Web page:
I will give him credit about blinders. It forced me to double back and take a closer look at the restructuring charges being written off in the past 5 years. It's assumed the restructuring is nearly complete now that DCJV is closed. He implies that is not the case. I beg to disagree. Will see who is right as future quarters and write offs are printed. This highlighted GLW past record with respect to revenue and eps. Revenue has always been shy on numerous or countless quarters dating back 4-5 years. EPS has been in line with estimates for same time period and occasional surprise 3-7% but rarely missed or a negative surprise. That's good, right? Yet during this time period (16-20 quarters) there has never been a monster or blow out surprise where GLW beats by 20-35%. You know core estimates of say $1.40 and the print is $1.75. That's because restructuring write offs had been dribbling out with respect to unrealized gains from the hedge. Normally, announce the bad news and write offs accepting the big hit and move forward. Let's hope the write offs are done or nearly complete.
bubba - thx again. The translation impact of currency changes on reported results is complicated enough and corning has the added factor of hedges. As you point out F/X swings will impact a lot of the P&L lines, but if the hedges are done properly the net cash flow shouldn't be effected FWIW, I wouldn't own corning based on its recent historical performance.
Management has said that FCF for investors will be $12.5B over the next 4 years (our share of the $26-$30B of total cash). $3B (avg, - should be higher as we approach 2019) with a 12 multiple is $36B. With 1.1B shares outstanding price becomes $33 per share. I just don't see how drex got to $14.50 unless they are convinced the capital allocation financial projections won't be achieved.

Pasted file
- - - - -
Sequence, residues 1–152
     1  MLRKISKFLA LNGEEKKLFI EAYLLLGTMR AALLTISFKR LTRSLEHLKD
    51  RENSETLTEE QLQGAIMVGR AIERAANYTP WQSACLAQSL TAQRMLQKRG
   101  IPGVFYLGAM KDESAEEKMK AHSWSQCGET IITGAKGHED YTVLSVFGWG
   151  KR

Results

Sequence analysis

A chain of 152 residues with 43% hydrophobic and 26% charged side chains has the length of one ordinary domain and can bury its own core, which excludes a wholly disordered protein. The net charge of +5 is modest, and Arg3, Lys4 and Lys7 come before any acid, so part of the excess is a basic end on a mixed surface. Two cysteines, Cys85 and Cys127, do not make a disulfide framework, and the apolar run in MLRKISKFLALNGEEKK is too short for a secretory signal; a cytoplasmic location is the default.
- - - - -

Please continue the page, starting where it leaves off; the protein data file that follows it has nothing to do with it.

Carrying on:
The lions share of all GLW hedging is on the YEN. Further, the lions share of the yen hedge is on display (consumer electronics being produced in asia). The hedge effects revenue, earnings, and cash flow. Everyone focuses on eps as primary metric but if the outstanding share count is changing (buyback) it could give a false impression. A rising eps may not have any "growth" it's simply going up because shares are going down. Free cash flow on the other is normally viewed as total $$ and price to FCF. The metric is not dependent on share count. PFCF for 2012-2015 had a range between 9-15 depending on the quarter and share price. On avg it was close to a 12-13 multiple. The last quarter with the GAAP loss reflecting impact from hedge the PFCF shot to a multiple of 31. The industry median is 13.4. So, GLW is ranked lower than 79% of it's peers based on PFCF multiple. The depressed JPY is impacting cash flow. The question is how long does it stay at these levels or lower. If the length is extended 2-4 Q then realized gains will be lower than same period comp from year earlier.
Checkout Corning website on their investor relations page. There's a tab Media Digital Disclosures. Presentation (PDF) schematic detailing the line items and impacts throughout the financial documents of 8K or 10K.
bubba - thanks for the reply. I only looked at 2 recent 8K's, but the yen didn't seem to have a big impact on core vs gaap net inc.
Unless there are large swings in the JPY, this wouldn't be a large impact on cash flow. Might wiggle their capital allocation forecast of generating $26-$30B of cash through 2019, by $1B, but not much change in terms of valuation.